Posted in Writing

How Fragments Better the Rhythm in Your Writing


In his 2000 craft book On Writing, Stephen King says,

Must you write complete sentences each time, every time? Perish the thought. If your work consists only of fragments and floating clauses, the Grammar Police aren’t going to come and take you away.

The poor fragment. Why is it hated so?

Throughout high school I was taught to never use a fragment. That every sentence I write has to be a complete sentence. That my work would be marked down if I included even one lone fragment.

The truth is each genre of writing comes with its own set of rules and expectations. The reason we learn in high school never to use fragments is that, for the most part, academic writing shouldn’t have fragments. I would argue that the occasional fragment is acceptable if you’re relating a personal story or allowed to give the piece a little of your own voice. If the piece is meant for a job application, or for a strict professor who has no sense of humor, then you would be best served to write in only complete sentences.

For the longest time, and even a bit in my first few novels, I struggled to allow myself to write fragments. They also looked awkward on the page, and often in revisions I would cut the fragment completely or alter the sentence slightly to make it a complete sentence. I was taught for so long to not write fragments, so why put them in my work now?

The answer is simply this: rhythm. It’s not something that can really be learned or taught. It’s not something that comes easily to every writer. It’s certainly something you can study through reading lots and lots of books, in a variety of genres. And it’s something you’ll learn not necessarily in the writing of your first novel, but in the fourth, and the seventh.

The rhythm of your sentences, especially in a long work of fiction, is incredibly important. How much description you include, how much dialogue, how many big paragraphs mixed in with shorter paragraphs — all vital. But the rhythm of the sentences themselves also make a huge impact on whomever is reading your book. No matter what genre of fiction you work in, writing one complete sentence after another after another, for pages on end, might look grammatically correct to you, the writer, but it won’t provide the best possible experience in the reader.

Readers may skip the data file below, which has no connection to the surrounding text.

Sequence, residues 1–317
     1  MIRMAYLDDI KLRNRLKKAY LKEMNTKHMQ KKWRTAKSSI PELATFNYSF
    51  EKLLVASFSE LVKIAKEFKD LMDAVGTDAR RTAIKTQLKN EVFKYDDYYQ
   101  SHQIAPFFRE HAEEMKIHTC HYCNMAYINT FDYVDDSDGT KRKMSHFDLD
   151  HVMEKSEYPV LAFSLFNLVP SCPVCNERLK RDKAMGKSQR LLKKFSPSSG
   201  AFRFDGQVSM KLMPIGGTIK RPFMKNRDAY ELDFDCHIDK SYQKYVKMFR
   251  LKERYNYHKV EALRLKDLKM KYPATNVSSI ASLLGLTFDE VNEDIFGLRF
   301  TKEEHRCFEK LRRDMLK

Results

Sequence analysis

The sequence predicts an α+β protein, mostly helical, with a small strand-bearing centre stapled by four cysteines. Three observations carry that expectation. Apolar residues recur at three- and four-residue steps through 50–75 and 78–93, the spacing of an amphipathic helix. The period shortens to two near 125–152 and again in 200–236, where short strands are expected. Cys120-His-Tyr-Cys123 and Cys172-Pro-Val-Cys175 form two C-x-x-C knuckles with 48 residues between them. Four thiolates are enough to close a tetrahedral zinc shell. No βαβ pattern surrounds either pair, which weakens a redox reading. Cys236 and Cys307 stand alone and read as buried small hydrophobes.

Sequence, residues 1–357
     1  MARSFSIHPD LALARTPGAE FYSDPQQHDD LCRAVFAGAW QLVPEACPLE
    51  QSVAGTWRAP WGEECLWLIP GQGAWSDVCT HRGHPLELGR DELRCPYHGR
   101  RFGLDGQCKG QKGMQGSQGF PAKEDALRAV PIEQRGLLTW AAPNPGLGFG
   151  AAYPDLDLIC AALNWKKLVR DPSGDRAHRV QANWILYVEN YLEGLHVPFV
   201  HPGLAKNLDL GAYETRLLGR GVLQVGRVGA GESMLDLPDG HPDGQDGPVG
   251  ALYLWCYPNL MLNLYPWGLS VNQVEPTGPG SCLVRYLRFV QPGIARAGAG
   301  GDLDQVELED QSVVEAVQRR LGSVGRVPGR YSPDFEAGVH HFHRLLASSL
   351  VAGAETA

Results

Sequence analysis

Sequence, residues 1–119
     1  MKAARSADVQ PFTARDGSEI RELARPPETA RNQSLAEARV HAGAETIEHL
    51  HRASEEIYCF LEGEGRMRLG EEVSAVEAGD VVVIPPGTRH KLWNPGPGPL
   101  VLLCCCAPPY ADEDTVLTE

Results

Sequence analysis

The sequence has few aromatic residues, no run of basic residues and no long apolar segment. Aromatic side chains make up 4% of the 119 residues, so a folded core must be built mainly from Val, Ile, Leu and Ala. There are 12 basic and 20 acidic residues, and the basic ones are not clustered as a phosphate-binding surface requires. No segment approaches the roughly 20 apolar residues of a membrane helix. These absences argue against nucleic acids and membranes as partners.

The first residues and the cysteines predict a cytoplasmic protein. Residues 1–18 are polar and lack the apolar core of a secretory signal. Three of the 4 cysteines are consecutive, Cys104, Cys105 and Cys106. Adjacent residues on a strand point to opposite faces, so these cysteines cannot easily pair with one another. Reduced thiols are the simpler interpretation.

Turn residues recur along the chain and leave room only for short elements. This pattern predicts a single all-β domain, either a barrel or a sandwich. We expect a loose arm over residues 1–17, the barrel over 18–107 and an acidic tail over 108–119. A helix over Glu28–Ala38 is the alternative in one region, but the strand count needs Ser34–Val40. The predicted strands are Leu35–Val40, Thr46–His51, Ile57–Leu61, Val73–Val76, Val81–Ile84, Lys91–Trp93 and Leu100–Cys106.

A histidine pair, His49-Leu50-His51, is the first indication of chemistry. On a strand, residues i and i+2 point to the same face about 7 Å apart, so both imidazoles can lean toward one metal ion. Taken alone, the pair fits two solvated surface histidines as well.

You want your reader to get lost in your world. You want the sentences to find such a glorious rhythm that the reader can’t stop flipping through the pages. And keep in mind, too: most readers won’t read every single sentence. I can’t tell you how often I randomly will skim a paragraph or a page, even in a book I’m loving. I’m sure there are some readers who savor every word of a novel, but I would assume most at least occasionally skim. You know when they will skim most often? When you have big block paragraphs with only long sentences, and no fragments. When the language becomes intimidating, lengthy, verbose, you might lose a few of your readers. And even in longer paragraphs, fragments can help with this problem.

Don’t be afraid of fragments. I wouldn’t overload your prose with them, by any means. Have no fragments, and your writing can become stale and arduous. Have too many fragments, and your writing looks downright silly. It’s important to find the right balance, for sure, but you absolutely want the fragment to be your friend. Experiment with them. Try a couple in a page of your writing. Put a fragment in the middle of a paragraph, in between two longer sentences.

Remember to think about rhythm in your writing, and the more experience you get, the better this rhythm will become. Yes, even with the occasional fragment!

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